How to Avoid the Trickiest of Investment Scams
Professor of Finance Vesa Puttonen from Aalto University School of Business and Professor H. Kent Baker from the American University Kogod School of Business co-authored a new book that educates investors by exposing investment pitfalls, and helps them act rationally.
Investment Traps Exposed: Navigating Investor Mistakes and Behavioral Biases (Emerald Publishing) provides a highly readable overview of personal financial management that is aimed at helping investors become more successful.
Investment Traps Exposed helps both investors and investment practitioners increase their awareness about the external and internal traps that they or their clients can encounter. Professors Puttonen and Baker write about the following investing traps and discuss how to avoid them.
- Trap 1: Becoming a Victim of Pyramid and Ponzi Schemes
- Trap 2: Misrepresenting Risky Products as Safe
- Trap 3: Making Unrealistic Return Expectations
- Trap 4: Falling for Mutual Fund Traps
- Trap 5: Overpaying for Products and Services
- Trap 6: Investing in Complex Products
- Trap 7: Engaging in Gambling Disguised as Investing
- Trap 8: Replaying on Unsupported Promises
The authors examine common investing mistakes, behavioral biases, and investment traps that can ensnare investors, affect sound judgment, and reduce wealth. They also explain how to recognize and avoid making investment mistakes. Many practical case studies about the traps are analysed in the book.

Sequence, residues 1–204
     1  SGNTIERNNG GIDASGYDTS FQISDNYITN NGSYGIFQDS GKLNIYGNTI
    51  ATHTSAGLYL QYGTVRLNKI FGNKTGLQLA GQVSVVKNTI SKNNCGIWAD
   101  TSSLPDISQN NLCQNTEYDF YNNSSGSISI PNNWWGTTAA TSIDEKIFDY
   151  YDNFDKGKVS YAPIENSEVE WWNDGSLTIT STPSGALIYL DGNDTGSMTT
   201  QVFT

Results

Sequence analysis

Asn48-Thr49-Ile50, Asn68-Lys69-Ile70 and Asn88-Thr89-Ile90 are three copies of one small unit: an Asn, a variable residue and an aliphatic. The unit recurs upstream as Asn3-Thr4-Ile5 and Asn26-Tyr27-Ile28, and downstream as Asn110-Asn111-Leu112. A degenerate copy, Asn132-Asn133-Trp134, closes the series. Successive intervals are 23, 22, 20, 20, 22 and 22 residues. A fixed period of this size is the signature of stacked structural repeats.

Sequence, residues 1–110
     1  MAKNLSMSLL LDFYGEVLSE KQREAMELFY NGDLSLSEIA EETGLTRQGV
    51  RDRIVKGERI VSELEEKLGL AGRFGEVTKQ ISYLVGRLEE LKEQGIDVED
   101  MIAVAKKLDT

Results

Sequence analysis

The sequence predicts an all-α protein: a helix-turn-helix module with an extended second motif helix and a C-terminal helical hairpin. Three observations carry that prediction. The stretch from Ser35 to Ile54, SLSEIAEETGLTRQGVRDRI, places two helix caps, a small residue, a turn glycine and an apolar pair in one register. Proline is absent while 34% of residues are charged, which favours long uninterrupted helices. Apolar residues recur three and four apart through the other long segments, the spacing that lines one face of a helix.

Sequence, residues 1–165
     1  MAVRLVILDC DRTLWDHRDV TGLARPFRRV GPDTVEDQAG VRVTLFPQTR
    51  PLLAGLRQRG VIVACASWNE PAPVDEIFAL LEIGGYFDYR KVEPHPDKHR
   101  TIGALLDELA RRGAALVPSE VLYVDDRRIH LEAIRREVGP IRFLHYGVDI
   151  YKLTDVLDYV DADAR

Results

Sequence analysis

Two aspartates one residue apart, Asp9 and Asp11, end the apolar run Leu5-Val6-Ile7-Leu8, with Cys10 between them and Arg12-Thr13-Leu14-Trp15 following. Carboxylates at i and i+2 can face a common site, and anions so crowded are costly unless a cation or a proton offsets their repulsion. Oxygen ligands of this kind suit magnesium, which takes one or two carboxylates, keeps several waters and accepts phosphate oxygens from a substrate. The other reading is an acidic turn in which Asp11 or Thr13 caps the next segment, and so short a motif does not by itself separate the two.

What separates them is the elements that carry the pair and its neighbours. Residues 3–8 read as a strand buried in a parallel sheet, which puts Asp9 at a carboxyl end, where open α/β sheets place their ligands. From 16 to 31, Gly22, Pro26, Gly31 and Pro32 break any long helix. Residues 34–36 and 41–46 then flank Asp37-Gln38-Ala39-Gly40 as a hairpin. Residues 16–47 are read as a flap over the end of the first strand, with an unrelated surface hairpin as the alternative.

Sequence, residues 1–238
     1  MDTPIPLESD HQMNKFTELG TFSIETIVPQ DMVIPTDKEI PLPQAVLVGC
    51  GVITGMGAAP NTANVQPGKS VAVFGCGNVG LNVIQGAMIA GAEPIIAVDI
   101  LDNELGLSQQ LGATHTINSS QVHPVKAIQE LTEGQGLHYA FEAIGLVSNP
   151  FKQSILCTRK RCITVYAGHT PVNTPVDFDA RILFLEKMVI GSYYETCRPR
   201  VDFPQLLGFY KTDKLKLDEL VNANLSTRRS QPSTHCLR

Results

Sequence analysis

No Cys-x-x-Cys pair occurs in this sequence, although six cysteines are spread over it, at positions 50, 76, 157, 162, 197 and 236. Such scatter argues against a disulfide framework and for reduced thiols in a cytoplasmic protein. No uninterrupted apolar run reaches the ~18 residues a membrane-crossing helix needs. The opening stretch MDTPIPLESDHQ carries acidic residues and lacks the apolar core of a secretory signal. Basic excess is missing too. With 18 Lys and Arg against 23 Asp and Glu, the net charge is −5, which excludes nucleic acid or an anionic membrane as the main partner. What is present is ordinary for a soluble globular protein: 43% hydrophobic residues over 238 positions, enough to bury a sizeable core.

Financial Literacy and Scams
According to the research, even the most experienced investors can be susceptible to cons. Professor Puttonen recommends putting in the time and energy required to become more financially literate before entering the market. The book details the American Madoff scam and the Finnish Wincapita. Similar kinds of scams are revealed constantly all over the world. Professor Puttonen has opened a Twitter account @Investmenttrap where he posts investing traps that people have encountered.
All Kinds of Biases
Professor Baker explains that even if people were informed about financial matters, they are still susceptible to bias. The book examines some of the biases: cognitive, emotional, and social that can lead people to make unwise investments. With social biases, investors might latch onto the investments du jour favoured by their friends and neighbors. One form of this is herding, the groupthink that helped set off the financial crisis of 2007-2008.
The authors write about the importance of being aware of biases before making an investment. Even being cognizant of those biases will not necessarily keep people from repeating the same mistakes. Therefore, planning and forethought can help stave off negative tendencies.